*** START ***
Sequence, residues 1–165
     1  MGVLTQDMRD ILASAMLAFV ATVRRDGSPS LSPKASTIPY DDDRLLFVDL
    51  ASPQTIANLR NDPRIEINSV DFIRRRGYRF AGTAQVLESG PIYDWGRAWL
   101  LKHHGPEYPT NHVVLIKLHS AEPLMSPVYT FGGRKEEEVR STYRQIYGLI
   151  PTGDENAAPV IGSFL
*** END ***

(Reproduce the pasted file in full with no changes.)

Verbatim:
Sequence, residues 1–165
     1  MGVLTQDMRD ILASAMLAFV ATVRRDGSPS LSPKASTIPY DDDRLLFVDL
    51  ASPQTIANLR NDPRIEINSV DFIRRRGYRF AGTAQVLESG PIYDWGRAWL
   101  LKHHGPEYPT NHVVLIKLHS AEPLMSPVYT FGGRKEEEVR STYRQIYGLI
   151  PTGDENAAPV IGSFL